The recent global increase in average life expectancy has led to an inevitable increase in the elderly population (22% in 2050), with an (unrelated) reduction in the young population. The increase in life expectancy leads to negative consequences due to the onset of diseases related to aging causing physical and social disabilities of the elderly. This condition leads to the need for hospitalizations (with a consequent increase in the costs at the expense of the sanitary system) or 24/7 care in dedicated facilities that often suffer from dedicated specialized personnel shortage. Home care through dedicated caregivers is also following the same trend. The context of Ambient Assisted Living (AAL) proposes a solution to the problem by equipping domestic or assistive infrastructures with intelligent sensor networks scattered throughout the environment, and robotic platforms (i.e., AAL robots). Moreover, the employment of the latter recorded a drastic increase (>20%) in the last two years due to the pandemic emergency. In this context, this Ph.D. thesis presents a novel robot-empowered AAL infrastructure capable of creating a pervasive environment, which is fully-aware of the psychophysical status of the patient and that adapts to different degrees of disability and emotional involvement of the patient. Specifically, the features introduced by this thesis in the context of an AAL infrastructure are: (i) the introduction of a Brain-Computer Interface (BCI) for the selection of services, able to allow patients with severe disabilities to formalize requests; (ii) the incorporation of a cognitive status recognition system based on electroencephalographic (EEG) signals able to provide monitoring parameters and support for remote diagnosis; (iii) the inclusion in the infrastructure of an emotion recognition system capable of triggering an adaptive behavioral system by the robot component of the architecture. Concerning the BCI-based selection system, two neural interfaces are proposed. A BCI exploits movement-related cortical potentials (MRP), while the other one is based on event-related potentials (ERP) and in particular on an ERP component: the P300. The former BCI is a first-of-a-kind MRP-based neural interface that allows a quick selection of services by using nested binary choices and a low computational complexity processing algorithm. Specifically, the BCI is based on a symbolization method capable of translating the EEG signal into a binary string, speeding up the subsequent inferential system based on a Support Vector Machine (SVM). Differently, the second BCI (i.e., the P300-based one) permits a greater number of choices in a single session (i.e., 12) and employs a Dense Neural Network (NN) as an inferential system. Specifically, the thesis proposes a framework for the selection of the appropriate “user-tailored” NN topology based on a dedicated tuning of the hyperparameters. The cognitive status extraction system analyzes in parallel the EEG signals provided by the P300-based BCI. In fact, this system exploits the biomarking properties of the P300 component for the identification of cognitive impairment. For this purpose, an algorithm for the spatio-temporal reconstruction of ERPs, named t-RIDE, is introduced. It provides a quantitative parameter useful for the remote support to diagnosis or monitoring of the patient. The EEG-based emotional state recognition system employs a user-specific selection framework. The proposed selection method analyzes, through the cascade of two grid-search-based routines, a sequence of feature extraction algorithms used in the emotion recognition field, assessing their accuracy-versus-complexity ratio. The implemented system is designed to discriminate up to 8 different emotions by using a circumplex model based on three parameters for the emotion definition: arousal, valence, and dominance. BCIs and cognitive/emotion recognition systems are trained/calibrated offline on a dedicated computer, while the online inference is realized through three different Android apps running in background on Pepper tablet. Since the services offered by BCIs integrated into the AAL infrastructure also include picking and delivery of various goods, as part of the thesis work the Pepper robot has been equipped with object handling capabilities, which is natively missing. In this context, a set of routines for object manipulation based on the built-in RGB cameras and the 3D sensor has been realized. The implemented routines exploit the Pepper sensing systems to (i) identify the object to be grabbed, (ii) plan the arms movement sequence, and (iii) grab the object for final recognition. The routines, programmed via Python to run in the background on the robot’s operating system, are designed to operate fully automatically, without the need for an internet connection (ensuring intrinsic protection for sensitive data). To test innovative features introduced by this thesis, in-vivo measurement sessions have been carried out on 13 volunteers from the Politecnico di Bari and g.tec medical engineering GmbH (Austria) company. Overall, MRP-based BCI demonstrated to be able to discriminate two choices with an average accuracy of 84.07 % with a mean Information Translate Rate (ITR) of 11.17 commands/minute. However, this BCI can achieve a mean ITR of 22.33 comm./minute (i.e., 1 out of 222 available choices/ min) by simply reducing the interstimulus interval from 2 s to 1 s. In the same context, the P300-based BCI demonstrated to be able in achieving a choice recognition accuracy of 96.66 % after 21s of stimulation. Considering 12 possible choices, the P300-based BCI showed a maximum ITR of 16 comm./min. The emotion recognition system outcomes show that in an 8-emotion discrimination problem it can achieve a multiclass accuracy of ~76 % (mean value), or considering a model that involves only 4 emotions, ~ 80 %. Experimental tests on the cognitive status extraction system demonstrated that all the subjects involved in the tests, belonged to the healthy subjects class, having the ERP reconstructed characteristics compatible with this class. Finally, concerning the object manipulation capabilities, the proposed routine tested in real-life scenarios, returned a grabbing accuracy of ~87% for different shelf heights, demonstrating the employability of improved social robotics for daily-life assistance and ambulatorial contexts.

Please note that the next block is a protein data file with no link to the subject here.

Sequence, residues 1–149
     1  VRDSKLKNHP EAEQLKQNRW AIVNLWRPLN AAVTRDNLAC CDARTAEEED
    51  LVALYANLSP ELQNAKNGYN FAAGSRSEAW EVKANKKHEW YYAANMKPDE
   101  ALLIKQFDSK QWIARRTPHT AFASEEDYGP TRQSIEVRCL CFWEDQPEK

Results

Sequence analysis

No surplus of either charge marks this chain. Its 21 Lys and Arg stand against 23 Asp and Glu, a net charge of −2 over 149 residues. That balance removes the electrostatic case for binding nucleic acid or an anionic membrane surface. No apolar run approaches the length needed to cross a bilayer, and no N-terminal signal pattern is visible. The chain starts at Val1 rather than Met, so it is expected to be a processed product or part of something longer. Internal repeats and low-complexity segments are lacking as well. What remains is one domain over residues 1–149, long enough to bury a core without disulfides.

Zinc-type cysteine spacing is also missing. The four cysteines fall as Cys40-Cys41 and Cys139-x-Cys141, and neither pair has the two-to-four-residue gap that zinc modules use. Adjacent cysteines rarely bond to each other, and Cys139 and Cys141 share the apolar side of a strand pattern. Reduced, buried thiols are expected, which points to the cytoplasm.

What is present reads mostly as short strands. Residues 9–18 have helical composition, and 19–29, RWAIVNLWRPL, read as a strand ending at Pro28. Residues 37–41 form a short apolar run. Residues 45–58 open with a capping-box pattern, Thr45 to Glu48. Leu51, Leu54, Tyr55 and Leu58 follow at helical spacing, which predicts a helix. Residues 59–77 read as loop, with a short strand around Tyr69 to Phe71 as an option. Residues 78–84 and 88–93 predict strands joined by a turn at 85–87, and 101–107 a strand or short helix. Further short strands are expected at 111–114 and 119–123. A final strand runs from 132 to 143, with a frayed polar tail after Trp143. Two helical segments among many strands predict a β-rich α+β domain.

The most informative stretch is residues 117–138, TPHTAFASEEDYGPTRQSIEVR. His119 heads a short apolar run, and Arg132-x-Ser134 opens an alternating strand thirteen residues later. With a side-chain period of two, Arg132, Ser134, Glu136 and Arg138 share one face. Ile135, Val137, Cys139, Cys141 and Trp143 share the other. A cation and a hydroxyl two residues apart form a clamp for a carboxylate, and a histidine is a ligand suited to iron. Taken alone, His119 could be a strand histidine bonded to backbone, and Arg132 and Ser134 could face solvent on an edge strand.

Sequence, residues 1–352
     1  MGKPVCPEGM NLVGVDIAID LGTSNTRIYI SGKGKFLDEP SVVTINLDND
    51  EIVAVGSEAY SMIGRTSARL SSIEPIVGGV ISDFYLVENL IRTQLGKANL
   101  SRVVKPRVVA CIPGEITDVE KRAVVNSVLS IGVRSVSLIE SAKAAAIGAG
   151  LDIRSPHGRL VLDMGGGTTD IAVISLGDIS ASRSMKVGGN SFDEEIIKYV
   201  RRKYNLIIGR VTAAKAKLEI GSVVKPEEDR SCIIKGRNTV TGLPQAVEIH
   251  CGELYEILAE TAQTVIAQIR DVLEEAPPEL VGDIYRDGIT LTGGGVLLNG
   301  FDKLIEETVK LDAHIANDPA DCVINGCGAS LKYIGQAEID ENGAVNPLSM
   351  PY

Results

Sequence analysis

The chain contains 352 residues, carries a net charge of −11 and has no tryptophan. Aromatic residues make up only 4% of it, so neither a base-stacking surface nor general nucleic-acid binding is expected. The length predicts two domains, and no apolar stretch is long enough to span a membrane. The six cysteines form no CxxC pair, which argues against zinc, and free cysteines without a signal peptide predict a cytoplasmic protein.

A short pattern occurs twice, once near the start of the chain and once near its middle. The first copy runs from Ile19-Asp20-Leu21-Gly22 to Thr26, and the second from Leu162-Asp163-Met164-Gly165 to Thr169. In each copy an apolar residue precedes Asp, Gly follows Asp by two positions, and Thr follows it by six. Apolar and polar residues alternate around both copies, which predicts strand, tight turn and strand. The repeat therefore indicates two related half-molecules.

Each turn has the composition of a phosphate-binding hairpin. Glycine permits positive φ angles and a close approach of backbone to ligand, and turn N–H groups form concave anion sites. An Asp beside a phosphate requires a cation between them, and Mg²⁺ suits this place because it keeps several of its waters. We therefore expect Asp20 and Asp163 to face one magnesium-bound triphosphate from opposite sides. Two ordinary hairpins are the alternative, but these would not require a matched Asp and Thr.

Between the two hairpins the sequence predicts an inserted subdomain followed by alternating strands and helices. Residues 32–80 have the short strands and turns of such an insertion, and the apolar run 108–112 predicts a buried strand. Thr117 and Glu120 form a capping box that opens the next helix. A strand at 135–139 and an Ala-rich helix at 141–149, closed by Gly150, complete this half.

Design and Implementation of a Novel EEG-based Brain-Computer Interface to Improve "Perception - Understanding - Action" in Humanoid Robotics